However, the revisions haven’t just helped make the car faster, as the Cooper S is also more efficient than before as well. MINI claims that up to 48 mpg is possible on the combined cycle, and the impressively low CO2 output means it costs £110 a year.

However, the Cooper S is still one of the more ‘hard-core’ hat hatches on the market, and even though the asking price is reasonable, it’s very vast array of options and personalisation pieces means it’s very easy to raise the price to £20K+ levels. That said, it’s still a great little car, and is certainly one of the best cars in its class.

Most of the critics have good things to say about the Cooper SD. Despite running on diesel, it seems that the car still retains the qualities you’d expect from a MINI Cooper, yet is usefully much cheaper to run. However, it is a wee bit more expensive to buy in the first place, and some weren’t convinced that it was worthy of the ‘Cooper S’ badge.

Though not quite as powerful as the petrol cars, the 2.0 turbocharged diesel motor is the torquiest motor that MINI has ever built, with a substantial 225lb/ft of torque available from lower revs, and thus is a fairly brisk car. The engine also sounds fairly rorty when you work it, especially if you press the ‘Sport’ button, and is incredibly frugal when you factor in the performance on tap – MINI claims 65mpg is possible, and the low CO2 emissions means it only costs £30 a year to tax.

However, those expecting it to be identical to the Cooper S will be disappointed – though quick, the SD isn’t as fast as the petrol powered Cooper, and a few testers thought it wasn’t sharp enough to warrant being called an ‘S’. It’s also noticeably more expensive to buy in the first place.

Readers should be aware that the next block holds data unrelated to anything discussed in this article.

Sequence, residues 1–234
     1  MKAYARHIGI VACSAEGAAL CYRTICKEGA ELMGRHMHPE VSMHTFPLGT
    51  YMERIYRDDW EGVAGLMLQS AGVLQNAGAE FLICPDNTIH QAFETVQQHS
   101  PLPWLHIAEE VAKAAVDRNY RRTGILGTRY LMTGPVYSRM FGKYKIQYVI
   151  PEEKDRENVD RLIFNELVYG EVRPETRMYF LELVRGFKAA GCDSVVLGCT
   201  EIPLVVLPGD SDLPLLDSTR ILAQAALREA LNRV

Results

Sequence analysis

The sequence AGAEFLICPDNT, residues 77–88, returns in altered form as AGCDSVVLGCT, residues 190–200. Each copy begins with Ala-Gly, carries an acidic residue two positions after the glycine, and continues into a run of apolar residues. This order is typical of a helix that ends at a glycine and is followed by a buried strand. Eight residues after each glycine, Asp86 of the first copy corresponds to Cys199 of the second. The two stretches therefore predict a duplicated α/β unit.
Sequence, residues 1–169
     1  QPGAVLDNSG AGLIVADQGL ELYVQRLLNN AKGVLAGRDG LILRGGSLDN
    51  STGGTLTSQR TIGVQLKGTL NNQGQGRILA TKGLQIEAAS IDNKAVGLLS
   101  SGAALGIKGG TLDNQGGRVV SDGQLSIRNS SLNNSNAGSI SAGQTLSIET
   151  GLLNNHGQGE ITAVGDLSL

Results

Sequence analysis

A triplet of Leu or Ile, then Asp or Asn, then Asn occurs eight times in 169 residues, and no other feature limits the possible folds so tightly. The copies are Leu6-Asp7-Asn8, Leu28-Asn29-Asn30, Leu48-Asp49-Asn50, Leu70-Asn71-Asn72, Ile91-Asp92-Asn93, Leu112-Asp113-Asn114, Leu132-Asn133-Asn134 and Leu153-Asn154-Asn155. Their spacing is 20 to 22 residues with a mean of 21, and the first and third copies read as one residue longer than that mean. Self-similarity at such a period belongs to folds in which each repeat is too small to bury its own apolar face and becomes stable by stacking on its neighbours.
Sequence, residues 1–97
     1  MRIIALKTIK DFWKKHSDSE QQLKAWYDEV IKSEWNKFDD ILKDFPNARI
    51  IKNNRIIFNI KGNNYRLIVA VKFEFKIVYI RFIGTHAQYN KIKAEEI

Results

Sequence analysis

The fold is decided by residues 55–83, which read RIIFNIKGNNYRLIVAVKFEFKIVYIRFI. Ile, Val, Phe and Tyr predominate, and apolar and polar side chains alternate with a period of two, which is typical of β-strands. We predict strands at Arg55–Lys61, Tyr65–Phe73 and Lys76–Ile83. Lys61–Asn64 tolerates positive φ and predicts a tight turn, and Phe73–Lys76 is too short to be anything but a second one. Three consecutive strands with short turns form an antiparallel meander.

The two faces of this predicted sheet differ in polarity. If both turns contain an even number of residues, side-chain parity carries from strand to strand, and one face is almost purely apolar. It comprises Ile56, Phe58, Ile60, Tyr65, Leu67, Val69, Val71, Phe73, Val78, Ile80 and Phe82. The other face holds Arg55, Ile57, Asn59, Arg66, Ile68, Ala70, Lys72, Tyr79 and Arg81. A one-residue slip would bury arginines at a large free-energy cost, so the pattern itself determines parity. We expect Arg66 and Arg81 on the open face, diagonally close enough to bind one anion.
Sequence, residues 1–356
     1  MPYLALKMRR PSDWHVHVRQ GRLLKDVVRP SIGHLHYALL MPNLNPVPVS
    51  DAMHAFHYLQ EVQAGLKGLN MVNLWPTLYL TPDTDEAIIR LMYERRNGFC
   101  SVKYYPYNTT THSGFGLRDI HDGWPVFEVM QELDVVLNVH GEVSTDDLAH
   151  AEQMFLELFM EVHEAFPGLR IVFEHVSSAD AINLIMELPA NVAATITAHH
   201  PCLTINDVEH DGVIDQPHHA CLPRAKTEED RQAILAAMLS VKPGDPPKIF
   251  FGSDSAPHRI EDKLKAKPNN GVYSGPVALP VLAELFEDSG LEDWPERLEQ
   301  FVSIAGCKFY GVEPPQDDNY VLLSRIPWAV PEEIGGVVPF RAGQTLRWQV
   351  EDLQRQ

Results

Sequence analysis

If you’re a keen driver who can live with paying extra in fuel and road tax bills, then you may be better off with the petrol powered cars, as they’re undoubtedly better to drive. However, the SD shouldn’t be discounted entirely – it offers an acceptable compromise of fun yet frugal motoring, and is worthy of a closer look if you’re interested in the hot MINI models.

Reviews of the flagship John Cooper Works model are mostly quite positive. A majority of the testers appear to be quite fond of the car’s blistering performance, along with the engaging handling and the appeal of its raucous nature. However, there is a substantial premium to pay for all that power.

The JCW is, with 211bhp on tap, the most powerful MINI ever made, so it’s no surprise that it’s also one of the fastest – 0-60 is dealt with in an impressive 6.5 seconds, and the top speed is a whisker under 150mph. However, it’s not just good in a straight line – quite a few critics were satisfied with the car’s corning abilities, which when coupled with the engine’s meaty mid-range punch, makes the Cooper Works a great point-to-point pocket rocket.